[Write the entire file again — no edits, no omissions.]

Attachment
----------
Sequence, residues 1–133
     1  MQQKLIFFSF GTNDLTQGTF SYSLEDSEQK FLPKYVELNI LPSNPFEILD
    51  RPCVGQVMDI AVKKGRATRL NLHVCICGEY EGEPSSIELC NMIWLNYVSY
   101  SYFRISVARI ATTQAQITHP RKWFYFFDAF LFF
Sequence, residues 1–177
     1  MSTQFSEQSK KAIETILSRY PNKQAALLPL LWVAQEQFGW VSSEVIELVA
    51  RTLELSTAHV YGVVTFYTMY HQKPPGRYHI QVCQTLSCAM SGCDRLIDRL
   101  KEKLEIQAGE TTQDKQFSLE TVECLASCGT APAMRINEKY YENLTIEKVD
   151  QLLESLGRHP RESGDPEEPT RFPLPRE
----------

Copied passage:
Sequence, residues 1–133
     1  MQQKLIFFSF GTNDLTQGTF SYSLEDSEQK FLPKYVELNI LPSNPFEILD
    51  RPCVGQVMDI AVKKGRATRL NLHVCICGEY EGEPSSIELC NMIWLNYVSY
   101  SYFRISVARI ATTQAQITHP RKWFYFFDAF LFF
Sequence, residues 1–177
     1  MSTQFSEQSK KAIETILSRY PNKQAALLPL LWVAQEQFGW VSSEVIELVA
    51  RTLELSTAHV YGVVTFYTMY HQKPPGRYHI QVCQTLSCAM SGCDRLIDRL
   101  KEKLEIQAGE TTQDKQFSLE TVECLASCGT APAMRINEKY YENLTIEKVD
   151  QLLESLGRHP RESGDPEEPT RFPLPRE